Following the American Civil War where around 300,000 African-Americans served in the Union Army, their future for serving in the United States Army was in question. In July of 1866, Congress passed legislation forming two cavalry and four infantry regiments composed on African-Americans. The 9th and 10th Cavalries served in the southwestern and western territories of American conducting operations against Native-American tribes. This is when they earned the nickname "Buffalo Soldiers" from their Indian adversaries. Eventually, the Buffalo Soldiers saw service in actions against Mexican revolutionists, outlaws and rustlers while constructing frontier outposts, roads and telegraph lines. In 1898, they saw service in Cuba during the brief Spanish-American War including participating in the famous "Charge Up San Juan Hill" alongside Teddy Roosevelt. One of the four units returned briefly to New York before being sent to Huntsville, Alabama. The Buffalo Soldiers were moved to the site where this monument was placed, known as 10th Cavalry Hill.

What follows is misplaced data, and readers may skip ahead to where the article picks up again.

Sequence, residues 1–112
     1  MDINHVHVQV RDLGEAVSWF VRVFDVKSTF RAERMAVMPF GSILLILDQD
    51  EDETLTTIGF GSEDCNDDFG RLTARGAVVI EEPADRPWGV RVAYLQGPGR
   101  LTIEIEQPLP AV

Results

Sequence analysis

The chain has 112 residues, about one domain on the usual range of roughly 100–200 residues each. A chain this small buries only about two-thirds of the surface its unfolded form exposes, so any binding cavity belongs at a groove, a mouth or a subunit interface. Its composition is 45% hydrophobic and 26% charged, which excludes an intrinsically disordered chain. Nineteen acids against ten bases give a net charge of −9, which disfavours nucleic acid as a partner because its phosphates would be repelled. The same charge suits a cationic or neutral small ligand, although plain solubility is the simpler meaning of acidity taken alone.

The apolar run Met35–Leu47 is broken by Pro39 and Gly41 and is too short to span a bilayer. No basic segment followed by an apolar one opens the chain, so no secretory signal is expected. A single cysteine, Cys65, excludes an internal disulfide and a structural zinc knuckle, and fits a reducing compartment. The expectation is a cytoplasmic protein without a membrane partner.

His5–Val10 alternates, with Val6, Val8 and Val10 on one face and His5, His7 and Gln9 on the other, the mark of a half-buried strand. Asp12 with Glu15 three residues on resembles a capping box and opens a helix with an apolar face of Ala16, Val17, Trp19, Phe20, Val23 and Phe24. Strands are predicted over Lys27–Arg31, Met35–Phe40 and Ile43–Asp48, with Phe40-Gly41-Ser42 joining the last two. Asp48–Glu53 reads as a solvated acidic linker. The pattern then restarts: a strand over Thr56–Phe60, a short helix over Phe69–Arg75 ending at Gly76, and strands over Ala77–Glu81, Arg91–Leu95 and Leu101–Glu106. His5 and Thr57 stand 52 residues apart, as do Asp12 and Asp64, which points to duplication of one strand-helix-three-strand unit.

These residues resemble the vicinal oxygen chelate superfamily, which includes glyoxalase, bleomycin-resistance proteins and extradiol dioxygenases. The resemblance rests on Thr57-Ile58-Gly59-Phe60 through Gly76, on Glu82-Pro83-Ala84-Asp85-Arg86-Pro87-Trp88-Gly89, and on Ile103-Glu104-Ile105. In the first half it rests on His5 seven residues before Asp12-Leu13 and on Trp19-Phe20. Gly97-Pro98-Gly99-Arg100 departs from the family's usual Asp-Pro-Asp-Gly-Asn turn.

Date of Installation:
April 30, 2010
Organization Responsible for Installation:
Buffalo Soldiers Association - Huntsville Chapter & Buffalo Soldier Memorial Ad Hoc Committee
Memorial War Era(s):
2800 Poplar Avenue Huntsville, Alabama
Published on March 19, 2019